Question 1: Could textile mills also be a source of PFASs in drinking water?

The answer is “probably.” The FDA-approved PFASs can be used in coating paper that contacts food to repel oil, grease, and water. The same or similar FDA-approved PFASs may be used for non-food uses such as coating textiles to resist stains and repel water.

The processes used to coat paper and textiles differ in some aspects that could affect a mill’s environmental releases. For paper, the PFASs are typically added to the wet wood fibers to be made into paper. In contrast, we understand that PFASs are applied to textiles after the water is removed. Therefore, we would suspect that the amount of PFASs, whether as polymers or impurities, released with the wastewater of a textile mill would be lower compared to that of a typical paper mill. However, there is very little data available to assess the potential environmental release of PFASs from textile mills. Unlike with FDA approvals, there is no environmental review of a chemical’s use in non-food consumer products.[1] So, it would be worthwhile to investigate textile mills for use of PFASs in addition to looking at paper mills.

Using an EPA database[2], we identified 66 textile mills (PDF and EXCEL) in the US, two thirds of which are located in North and South Carolina. Based on wastewater flow, the two largest mills are both operated by Milliken. Its largest facility is in Greenville, South Carolina with a water discharge of 72 million gallons per day (MGD). The second largest is in Bacon, Georgia with a water discharge of 15 MGD. DuPont’s Old Hickory facility, near Nashville, Tennessee, had the third greatest flow at 10 MGD. We do not know whether any of the facilities use and discharge FDA-approved PFASs.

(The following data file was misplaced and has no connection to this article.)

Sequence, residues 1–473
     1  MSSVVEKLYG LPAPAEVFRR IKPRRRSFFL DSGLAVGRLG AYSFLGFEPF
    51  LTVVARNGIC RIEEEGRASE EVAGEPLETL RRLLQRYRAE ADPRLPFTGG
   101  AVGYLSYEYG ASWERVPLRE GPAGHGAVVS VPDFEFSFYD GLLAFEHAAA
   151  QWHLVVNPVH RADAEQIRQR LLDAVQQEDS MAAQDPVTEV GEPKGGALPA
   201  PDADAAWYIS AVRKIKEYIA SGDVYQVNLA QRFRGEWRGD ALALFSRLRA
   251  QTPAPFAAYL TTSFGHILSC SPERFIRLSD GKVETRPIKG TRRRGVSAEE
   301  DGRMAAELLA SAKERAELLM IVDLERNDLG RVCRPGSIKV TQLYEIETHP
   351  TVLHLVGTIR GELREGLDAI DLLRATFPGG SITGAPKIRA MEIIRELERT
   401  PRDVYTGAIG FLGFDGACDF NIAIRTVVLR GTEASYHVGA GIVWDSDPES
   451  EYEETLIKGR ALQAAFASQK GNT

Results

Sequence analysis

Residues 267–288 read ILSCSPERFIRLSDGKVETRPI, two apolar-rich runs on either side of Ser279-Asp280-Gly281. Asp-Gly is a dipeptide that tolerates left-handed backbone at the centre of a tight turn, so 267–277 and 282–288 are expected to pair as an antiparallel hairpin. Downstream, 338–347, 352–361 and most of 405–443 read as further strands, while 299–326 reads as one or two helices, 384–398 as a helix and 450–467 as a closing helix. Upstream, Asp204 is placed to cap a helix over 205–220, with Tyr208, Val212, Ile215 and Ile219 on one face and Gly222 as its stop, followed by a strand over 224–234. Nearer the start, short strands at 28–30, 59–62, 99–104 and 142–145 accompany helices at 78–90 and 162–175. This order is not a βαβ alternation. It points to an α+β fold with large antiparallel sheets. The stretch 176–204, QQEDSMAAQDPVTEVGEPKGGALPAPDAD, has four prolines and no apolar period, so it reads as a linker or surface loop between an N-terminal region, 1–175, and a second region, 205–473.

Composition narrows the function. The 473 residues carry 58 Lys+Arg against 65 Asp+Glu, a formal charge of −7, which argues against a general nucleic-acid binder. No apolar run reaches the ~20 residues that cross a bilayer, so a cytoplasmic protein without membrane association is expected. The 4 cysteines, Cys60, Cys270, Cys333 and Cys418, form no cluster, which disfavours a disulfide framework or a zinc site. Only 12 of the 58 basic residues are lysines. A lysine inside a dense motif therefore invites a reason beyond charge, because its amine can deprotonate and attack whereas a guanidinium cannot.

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EPA sets interim limits on hypochlorite bleach to reduce degradation to perchlorate

Tom Neltner, J.D.is Chemicals Policy Director and Maricel Maffini, Ph.D., Consultant

On May 1, 2018, Environmental Protection Agency’s (EPA) Office of Pesticide Programs (OPP) made an interim pesticide registration decision[1] for hypochlorite bleach used to disinfect drinking water. The office decided to require the “Precautionary Statements” section of the bleach’s pesticide label to include advisory best management practices to minimize the formation of chlorate and perchlorate. The new label will state:

"The following practices help to minimize degradant formation in drinking water disinfection:

  • It is recommended to minimize storage time.
  • It is recommended that the pH solution be in the range of 11-13.
  • It is recommended to minimize sunlight exposure by storing in opaque containers and / or in a covered area. Solutions should be stored at lower temperatures. Every 5º C reduction in storage temperature will reduce degradant formation by a factor of two.
  • Dilution significantly reduces degradant formation. For products with higher concentrations, it is recommended to dilute hypochlorite solutions with cool, softened water upon delivery, if practical for the application."

EDF submitted comments in November 2017 supporting OPP’s proposed label changes and requesting specific changes to the language including making the advice to users mandatory. We also asked the agency to extend the changes to hypochlorite bleach used to treat produce and to disinfect food handling equipment.